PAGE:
Released on Wednesday 11 July 2018.
For fans of Karnivool, Tool, Porcupine Tree
Amaryllis (2018) is the remastered, self-titled debut album from French progressive rock/metal band Catchlight.
This is the penultimate album in my recent series of Why didn’t I review these albums earlier? Those albums that somehow got lost, admittedly during a particularly difficult period in my life, in my To Review backlog. To be honest, getting this review out has also been something of a challenge as I had full-blown flu last week that left me in bed for three days, hardly able to move. Anyway, I am really kicking myself over this one; from the moment I spun up this album, I was hooked.
As much as I love progressive music, whether rock or metal, I often feel a certain apprehension before listening to a new prog album. I tend to separate prog into one of two categories: (1) music that must be satisfying to play, (2) music that is great to listen to. I connect least with the music in category one—I can appreciate how clever it is, I can appreciate the technical ability of the musicians, but it simply does not speak to my heart. This album falls firmly into category two: it speaks to me, it moves me, it takes me on a journey.
The album opens with an atmospheric, tension-building track “Pre-natal” (track 1) that takes the listener from a muffled, underwater soundscape, through a simple melody into the birth of a fully-formed progressive track. It’s quite beautiful.
In the distant future, a catastrophe called the Long Night occurs and forces a part of humanity to exile in an underground city called Amaryllis and governed by a I.A. responding to the name of E.O.S.
The vast majority of the population perished, and a thousand years after the start of the disaster the few survivors living on the surface have mutated to adapt to this new environment.
In the laboratories of Amaryllis a hybrid being from the two human races is born.
His name is Tithon.—Notes on “Pre-natal”
Without missing a breath, “Eclosion” (track 2) picks up the pace and the story.
Am I real ? Am I completed ?—Lyrics for “Eclosion”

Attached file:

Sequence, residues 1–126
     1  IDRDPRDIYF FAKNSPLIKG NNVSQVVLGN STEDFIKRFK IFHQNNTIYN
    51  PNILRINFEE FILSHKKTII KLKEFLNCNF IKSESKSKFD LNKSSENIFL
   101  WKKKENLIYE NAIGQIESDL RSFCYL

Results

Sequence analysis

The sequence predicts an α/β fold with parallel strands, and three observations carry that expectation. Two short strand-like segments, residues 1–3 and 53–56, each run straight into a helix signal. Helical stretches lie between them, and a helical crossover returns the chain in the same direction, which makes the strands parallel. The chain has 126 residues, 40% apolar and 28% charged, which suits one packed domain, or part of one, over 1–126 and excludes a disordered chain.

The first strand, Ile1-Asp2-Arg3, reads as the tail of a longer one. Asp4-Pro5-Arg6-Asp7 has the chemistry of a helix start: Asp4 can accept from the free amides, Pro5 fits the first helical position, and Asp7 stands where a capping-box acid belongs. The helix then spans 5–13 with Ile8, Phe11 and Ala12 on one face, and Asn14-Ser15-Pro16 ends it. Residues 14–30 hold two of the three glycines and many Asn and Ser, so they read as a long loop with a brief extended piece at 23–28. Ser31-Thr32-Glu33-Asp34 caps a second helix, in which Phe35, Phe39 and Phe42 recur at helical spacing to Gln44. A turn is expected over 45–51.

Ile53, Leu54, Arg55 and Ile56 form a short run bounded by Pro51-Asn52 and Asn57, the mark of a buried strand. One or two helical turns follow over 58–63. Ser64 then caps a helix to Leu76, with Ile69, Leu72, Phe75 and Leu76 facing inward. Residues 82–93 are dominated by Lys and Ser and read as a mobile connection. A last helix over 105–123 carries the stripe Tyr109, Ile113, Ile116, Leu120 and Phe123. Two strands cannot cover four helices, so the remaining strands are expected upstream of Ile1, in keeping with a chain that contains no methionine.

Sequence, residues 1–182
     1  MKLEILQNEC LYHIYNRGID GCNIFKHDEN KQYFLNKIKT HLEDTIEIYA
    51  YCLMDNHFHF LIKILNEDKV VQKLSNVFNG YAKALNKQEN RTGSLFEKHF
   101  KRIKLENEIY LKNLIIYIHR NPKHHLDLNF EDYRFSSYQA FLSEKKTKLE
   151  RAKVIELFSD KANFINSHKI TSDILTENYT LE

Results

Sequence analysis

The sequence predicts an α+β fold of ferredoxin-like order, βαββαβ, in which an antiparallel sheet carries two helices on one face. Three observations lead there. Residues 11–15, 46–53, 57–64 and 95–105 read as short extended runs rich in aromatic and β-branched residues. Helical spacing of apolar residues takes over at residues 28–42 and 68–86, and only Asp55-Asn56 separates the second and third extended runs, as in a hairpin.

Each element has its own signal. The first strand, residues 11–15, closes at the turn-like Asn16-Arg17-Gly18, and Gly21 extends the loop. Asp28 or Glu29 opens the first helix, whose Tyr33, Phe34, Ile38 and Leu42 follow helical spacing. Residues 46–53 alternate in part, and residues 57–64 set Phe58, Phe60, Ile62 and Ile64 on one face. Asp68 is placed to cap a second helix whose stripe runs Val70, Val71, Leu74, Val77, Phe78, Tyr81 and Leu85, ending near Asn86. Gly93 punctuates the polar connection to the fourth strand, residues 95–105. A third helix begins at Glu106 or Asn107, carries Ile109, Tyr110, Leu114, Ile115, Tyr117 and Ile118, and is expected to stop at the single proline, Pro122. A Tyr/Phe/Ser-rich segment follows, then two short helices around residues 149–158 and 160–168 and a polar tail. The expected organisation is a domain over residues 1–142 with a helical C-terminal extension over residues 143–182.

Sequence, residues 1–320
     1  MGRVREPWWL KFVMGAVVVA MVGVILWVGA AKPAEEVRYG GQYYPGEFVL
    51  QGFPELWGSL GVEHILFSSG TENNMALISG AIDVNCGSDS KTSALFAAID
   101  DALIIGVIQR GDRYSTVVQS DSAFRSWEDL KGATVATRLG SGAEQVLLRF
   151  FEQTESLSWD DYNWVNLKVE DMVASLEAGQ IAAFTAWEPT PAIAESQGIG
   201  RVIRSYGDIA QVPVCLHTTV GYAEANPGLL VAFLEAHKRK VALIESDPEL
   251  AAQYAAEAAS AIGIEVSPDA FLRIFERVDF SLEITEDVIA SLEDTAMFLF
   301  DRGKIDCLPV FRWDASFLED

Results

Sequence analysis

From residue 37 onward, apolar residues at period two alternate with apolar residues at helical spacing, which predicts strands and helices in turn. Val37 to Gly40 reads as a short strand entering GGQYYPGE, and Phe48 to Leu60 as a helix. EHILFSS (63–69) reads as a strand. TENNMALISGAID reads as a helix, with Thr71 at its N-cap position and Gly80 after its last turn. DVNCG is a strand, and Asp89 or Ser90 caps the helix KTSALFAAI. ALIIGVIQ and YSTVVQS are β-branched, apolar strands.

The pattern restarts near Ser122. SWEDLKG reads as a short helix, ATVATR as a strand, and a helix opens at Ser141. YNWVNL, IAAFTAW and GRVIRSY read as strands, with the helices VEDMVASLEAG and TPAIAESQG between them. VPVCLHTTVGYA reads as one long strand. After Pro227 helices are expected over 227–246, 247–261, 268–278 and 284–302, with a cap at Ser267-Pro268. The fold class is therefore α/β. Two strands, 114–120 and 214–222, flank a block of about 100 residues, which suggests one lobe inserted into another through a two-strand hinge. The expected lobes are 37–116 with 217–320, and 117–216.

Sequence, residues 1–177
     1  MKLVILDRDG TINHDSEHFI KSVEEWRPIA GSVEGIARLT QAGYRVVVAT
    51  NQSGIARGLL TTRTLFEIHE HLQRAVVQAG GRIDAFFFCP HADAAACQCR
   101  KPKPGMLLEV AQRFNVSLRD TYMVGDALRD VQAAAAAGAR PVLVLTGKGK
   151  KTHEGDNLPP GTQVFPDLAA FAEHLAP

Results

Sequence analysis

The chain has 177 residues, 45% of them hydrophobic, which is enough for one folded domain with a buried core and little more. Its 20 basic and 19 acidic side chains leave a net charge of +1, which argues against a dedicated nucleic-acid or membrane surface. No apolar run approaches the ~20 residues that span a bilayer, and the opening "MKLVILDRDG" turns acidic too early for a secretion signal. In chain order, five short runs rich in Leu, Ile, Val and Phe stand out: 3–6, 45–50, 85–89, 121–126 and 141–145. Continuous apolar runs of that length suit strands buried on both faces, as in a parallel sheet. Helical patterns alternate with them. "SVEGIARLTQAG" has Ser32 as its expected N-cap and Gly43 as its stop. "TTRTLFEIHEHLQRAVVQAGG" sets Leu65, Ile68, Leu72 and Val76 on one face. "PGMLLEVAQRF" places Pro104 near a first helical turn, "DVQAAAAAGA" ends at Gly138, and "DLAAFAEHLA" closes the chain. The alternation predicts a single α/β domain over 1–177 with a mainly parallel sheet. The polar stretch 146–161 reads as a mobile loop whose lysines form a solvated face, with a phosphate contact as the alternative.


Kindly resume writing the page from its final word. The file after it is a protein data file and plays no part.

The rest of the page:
Am I one of yours or just one of your dreams ?
Am I fuzzy ? Am I clear ?
Am I just a thing you could make disappear ?
Tell me why I’m lying here floating under white lights !
Each song on this album is exquisite—an exact blend of melody and heaviness held in perfect balance. I could listen to this album again and again. I know that I love an album as much as this one because I delay writing the review, and I’ve put this off for four days now! It was meant to be published yesterday. But I don’t want to let go of it. It is unrushed and steady, everything that my life doesn’t feel to be right now. Thank God for music!
I held onto this release for four and a half years. Why? I have no idea, but there must have been something in it that I knew I would need later. I feel so thankful for finding it now. It is beautiful. It is exquisite. It speaks to my heart, my mind, my soul. This album has carried me through a dark week of illness. This could easily be the soundtrack to this year for me, played on repeat like some kind of ritual. Brilliant, brilliant, brilliant! Oh my word, I love this album.
Review score: 100%
Domino Media Group contacted me (in… erm, November 2018) inviting me to preview Catchlight’s latest album, thank you. I have no connections to either Domino Media Group or Catchlight. I’m not being paid to review this, but I did get a free digital copy of the album to review which is pretty cool. Many thanks to Domino Media Group, and to Catchlightfor continuing to create fresh, exciting new music.